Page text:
For the main regions, the data for male population of the rural interior area in the 2012 Census show higher preferences in adult, mature and old ages (40, 55, 70, 80 and 90 years old), compared to the other regions. For male and female population in the rural coastal area, the index concentration in single ages for age 90 can be considered high, 161.63 and 158.75 respectively. The male population of the rural interior area shows the highest value (205. 59) for age 90 of the index concentration in single ages in the 2012 Census. To sum up, the rural interior shows preferences in older ages, but also in mature and adult ages. The rural coastal area also shows preferences in age 90, for male and female population.

Considering death count data for Suriname, we can see that the ICSI for male and female population (2009-2012) fluctuates more than the ICSI of both sexes (2006-2012). The ICSI values for female population are high in ages 15 and 30, 161.99 and 155.34 respectively. For male population, the ISCI for death count data is high for age 10, namely 139.24. The lowest ISCI values for male and female are observed in adolescents and children, amounting to 53.6 and 40.26 respectively. For ages 40 and above fluctuations for male and female population are less strong. The extremely low ISCI values probably indicate a very small number of death events, or no such events.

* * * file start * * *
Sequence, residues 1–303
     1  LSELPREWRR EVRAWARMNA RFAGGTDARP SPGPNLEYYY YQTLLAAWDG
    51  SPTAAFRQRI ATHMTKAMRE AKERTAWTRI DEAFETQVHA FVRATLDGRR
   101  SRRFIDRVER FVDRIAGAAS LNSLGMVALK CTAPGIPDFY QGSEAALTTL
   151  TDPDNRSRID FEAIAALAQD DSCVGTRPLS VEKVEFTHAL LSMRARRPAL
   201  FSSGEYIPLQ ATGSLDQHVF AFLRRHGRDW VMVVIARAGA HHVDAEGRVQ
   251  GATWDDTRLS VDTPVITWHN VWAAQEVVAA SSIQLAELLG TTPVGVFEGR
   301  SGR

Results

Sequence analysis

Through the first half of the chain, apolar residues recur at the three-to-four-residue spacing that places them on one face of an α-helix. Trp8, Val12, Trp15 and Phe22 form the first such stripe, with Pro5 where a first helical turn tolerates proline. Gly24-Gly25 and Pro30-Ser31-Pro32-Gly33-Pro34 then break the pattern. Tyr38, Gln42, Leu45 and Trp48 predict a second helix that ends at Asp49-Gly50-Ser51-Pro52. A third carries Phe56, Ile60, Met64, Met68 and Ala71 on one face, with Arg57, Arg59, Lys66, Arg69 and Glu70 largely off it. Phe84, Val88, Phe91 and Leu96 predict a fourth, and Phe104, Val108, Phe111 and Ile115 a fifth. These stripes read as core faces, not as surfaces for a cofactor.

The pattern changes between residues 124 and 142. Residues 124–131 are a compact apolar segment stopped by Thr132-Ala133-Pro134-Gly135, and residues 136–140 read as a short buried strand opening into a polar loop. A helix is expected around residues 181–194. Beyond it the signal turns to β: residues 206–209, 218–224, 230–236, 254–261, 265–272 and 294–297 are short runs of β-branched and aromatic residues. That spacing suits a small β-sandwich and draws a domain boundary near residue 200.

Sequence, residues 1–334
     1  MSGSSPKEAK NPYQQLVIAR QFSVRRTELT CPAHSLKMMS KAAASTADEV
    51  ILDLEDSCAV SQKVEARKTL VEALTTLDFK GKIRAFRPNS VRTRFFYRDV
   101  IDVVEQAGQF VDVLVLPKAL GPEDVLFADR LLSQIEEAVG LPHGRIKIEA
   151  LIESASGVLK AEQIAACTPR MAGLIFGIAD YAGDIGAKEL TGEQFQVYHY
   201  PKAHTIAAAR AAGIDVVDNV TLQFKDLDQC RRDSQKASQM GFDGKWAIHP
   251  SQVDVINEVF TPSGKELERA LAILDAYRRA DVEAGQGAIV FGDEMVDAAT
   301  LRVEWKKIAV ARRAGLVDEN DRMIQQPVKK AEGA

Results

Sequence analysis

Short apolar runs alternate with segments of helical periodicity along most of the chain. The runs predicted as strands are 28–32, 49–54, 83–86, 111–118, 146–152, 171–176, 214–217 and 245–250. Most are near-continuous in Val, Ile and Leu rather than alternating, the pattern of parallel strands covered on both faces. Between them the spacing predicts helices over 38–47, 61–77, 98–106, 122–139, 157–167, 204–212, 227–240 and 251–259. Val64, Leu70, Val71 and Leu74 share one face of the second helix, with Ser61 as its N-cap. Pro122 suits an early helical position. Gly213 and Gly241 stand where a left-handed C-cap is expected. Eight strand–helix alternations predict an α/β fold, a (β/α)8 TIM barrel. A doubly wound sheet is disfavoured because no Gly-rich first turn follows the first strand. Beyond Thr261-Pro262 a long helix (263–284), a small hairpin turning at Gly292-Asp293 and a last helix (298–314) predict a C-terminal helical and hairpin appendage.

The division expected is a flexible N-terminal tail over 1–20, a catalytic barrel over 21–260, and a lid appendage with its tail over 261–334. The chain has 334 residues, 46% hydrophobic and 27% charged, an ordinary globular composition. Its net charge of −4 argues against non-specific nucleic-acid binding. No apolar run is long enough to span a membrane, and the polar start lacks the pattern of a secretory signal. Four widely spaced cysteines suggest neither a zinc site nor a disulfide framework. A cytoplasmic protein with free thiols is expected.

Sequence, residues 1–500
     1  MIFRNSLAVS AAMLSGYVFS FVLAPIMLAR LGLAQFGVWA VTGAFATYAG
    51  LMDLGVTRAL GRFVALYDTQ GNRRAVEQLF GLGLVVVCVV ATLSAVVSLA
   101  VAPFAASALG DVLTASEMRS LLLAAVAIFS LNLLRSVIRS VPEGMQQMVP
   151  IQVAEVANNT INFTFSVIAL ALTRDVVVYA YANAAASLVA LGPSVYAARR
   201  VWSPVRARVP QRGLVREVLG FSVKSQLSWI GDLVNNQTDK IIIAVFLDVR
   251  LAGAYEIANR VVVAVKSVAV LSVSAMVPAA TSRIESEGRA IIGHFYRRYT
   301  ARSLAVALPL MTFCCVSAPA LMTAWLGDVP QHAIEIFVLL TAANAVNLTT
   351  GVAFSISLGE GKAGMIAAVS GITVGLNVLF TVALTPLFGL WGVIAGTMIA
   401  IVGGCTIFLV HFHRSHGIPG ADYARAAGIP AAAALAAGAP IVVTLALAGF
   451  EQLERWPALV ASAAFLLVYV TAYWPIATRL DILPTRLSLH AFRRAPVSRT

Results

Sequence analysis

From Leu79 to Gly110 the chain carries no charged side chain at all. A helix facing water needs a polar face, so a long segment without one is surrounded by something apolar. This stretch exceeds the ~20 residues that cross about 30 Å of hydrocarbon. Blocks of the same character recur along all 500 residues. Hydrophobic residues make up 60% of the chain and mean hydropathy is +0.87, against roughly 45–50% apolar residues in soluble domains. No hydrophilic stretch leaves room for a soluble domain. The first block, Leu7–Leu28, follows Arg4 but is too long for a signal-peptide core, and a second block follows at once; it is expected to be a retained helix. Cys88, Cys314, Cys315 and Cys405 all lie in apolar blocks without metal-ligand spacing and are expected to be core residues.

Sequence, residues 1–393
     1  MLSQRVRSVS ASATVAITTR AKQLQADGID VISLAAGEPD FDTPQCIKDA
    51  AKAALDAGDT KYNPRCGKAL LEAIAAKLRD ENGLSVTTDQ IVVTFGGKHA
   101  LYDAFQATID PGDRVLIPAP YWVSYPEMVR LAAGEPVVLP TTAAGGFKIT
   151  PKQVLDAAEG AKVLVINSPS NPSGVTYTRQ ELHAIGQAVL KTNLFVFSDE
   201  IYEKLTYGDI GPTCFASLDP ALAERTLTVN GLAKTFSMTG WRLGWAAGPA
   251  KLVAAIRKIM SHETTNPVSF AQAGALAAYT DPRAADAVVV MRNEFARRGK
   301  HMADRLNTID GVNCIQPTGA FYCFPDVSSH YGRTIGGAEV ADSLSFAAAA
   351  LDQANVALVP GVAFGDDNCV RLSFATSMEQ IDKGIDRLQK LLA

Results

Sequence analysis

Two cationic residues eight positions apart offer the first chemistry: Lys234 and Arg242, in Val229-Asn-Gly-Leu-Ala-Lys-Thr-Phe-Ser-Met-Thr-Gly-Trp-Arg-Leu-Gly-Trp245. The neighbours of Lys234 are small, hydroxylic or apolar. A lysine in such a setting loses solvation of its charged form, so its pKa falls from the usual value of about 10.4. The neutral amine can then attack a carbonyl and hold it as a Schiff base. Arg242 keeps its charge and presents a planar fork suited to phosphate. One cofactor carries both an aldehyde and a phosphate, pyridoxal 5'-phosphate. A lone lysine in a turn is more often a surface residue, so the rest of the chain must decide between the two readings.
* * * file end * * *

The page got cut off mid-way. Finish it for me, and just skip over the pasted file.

Due to the small scale of death count data in the main regions, the ICSI shows more fluctuations for these areas in comparison to ICSI values at national level. With regard to death count data for the main regions, the number of deaths is smaller or rarer in some age groups than in Suriname and therefore, fluctuations are more visible in the main regions. The male population of the main regions shows less fluctuation of ISCI for death count data compared to the female population of the main regions. For the male population of the urban coastal area, the ICSI is only high for age 10 at 161.88. For the other ages, ICSI values are very close to 100 in the urban coastal area. The rural interior area shows the highest values for male population in ages 25, 40, 50 and 75. Age 25 has the highest ICSI value, at 209.15. The rural coastal area shows less fluctuation for the male population and the highest ICSI values are in ages 20, 30, 40 and 70. The highest value is in age 20 and it is 142.7.